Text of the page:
By Mary K. Talbot
Brown University has announced that it is one step closer to its goal of doubling the number of U.S. military veterans enrolled as undergraduates by 2024 with a multimillion-dollar gift from 1st Lt. Joseph P. Healey, an Army veteran who served in the Medical Service Corps at Walter Reed Army Medical Center in Washington, D.C.
Half of Healey’s $20-million gift will create a permanent endowment for the Elaine and Joseph Healey Scholarship for Veterans. The remaining $10 million will honor Healey’s mother by funding a scholarship for students in Brown’s Resumed Undergraduate Education program — an initiative that admits qualified prospective students who take an indirect route to college because of family, financial, military-service, health issues or other compelling reasons.
Healey — cofounder of HealthCor, an investment management firm — came from humble roots. He was raised by a single mother in Warwick, and at one point, his mother, Tonia, lost her job. The family went on welfare.
Looking for a means to improve their circumstances, Tonia applied to Brown. For four years, she rode a RIPTA bus between Warwick and Providence to gain the education that would let her start a career in psychiatric nursing to support her family.
“I saw the power in what Brown was able to offer to my mom, who showed me what it means to be a fighter and a survivor,” Healey said.
Six years later, as he approached high school graduation, Healey was determined to follow in his mother’s footsteps and earn a college degree. But the cost of tuition was still an obstacle.
“Coming from a single-parent family, finances were tough, even with financial aid packages,” Healey said. “Thankfully, I applied for — and was awarded — an Army ROTC four-year scholarship.”
Healey attended Boston University before serving in the Medical Service Corps and remembers that “those years taught me invaluable lessons about discipline, honor, service and camaraderie that remain with me every day.”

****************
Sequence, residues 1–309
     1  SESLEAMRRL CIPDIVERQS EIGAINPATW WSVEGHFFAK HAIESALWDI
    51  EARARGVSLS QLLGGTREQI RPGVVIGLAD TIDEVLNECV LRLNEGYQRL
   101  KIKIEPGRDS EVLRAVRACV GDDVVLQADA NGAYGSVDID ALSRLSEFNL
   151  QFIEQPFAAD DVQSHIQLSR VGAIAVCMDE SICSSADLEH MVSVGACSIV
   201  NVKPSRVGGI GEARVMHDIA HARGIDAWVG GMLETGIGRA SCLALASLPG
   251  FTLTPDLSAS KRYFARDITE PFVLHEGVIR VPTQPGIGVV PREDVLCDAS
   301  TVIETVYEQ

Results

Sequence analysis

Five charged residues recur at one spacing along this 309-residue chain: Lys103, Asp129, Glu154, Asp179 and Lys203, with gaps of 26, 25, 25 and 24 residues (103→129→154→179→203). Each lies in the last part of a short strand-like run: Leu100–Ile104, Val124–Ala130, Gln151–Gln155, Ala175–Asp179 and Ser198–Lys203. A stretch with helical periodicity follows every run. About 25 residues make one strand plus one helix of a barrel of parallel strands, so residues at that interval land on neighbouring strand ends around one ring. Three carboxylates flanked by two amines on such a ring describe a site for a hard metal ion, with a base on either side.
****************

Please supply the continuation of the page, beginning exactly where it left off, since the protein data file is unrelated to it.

Healy made the gift to Brown out of appreciation for the educational opportunities his family was given, and in recognition of the pivotal impact that those college educations made on their collective futures.
“A Brown degree is a ticket that opens doors for the rest of your life,” Healey said. “My hope is that this gift will open the doors of higher education to student veterans and students exploring education later in life, who didn’t think a Brown education was even possible. … I want to give someone else the chance that I had.”
Brown University’s president, Christina H. Paxson, said: “This generous gift from Joe Healey and his family marks a major step toward fulfilling our promise.”
Paxson and the university community pledged to admit veterans through a need-blind process and provide full financial support during their years of undergraduate education, beginning with the class of 2024. To date, the university has raised $11.3 million of its $25-million goal to fund the endowment.
The announcement can be found at www.brown.edu/news.
Free access to national parks
Are you dreaming of the day when it would be safe to take your family on vacation again?
Start planning a trip to a national park.
As of Nov. 11, veterans and Gold Star families gained lifetime free access to America’s national parks, wildlife refuges and other public federal lands managed by the Department of the Interior. And land and water managed by the U.S.Department of Agriculture’s Forest Service and Army Corps of Engineers will take part.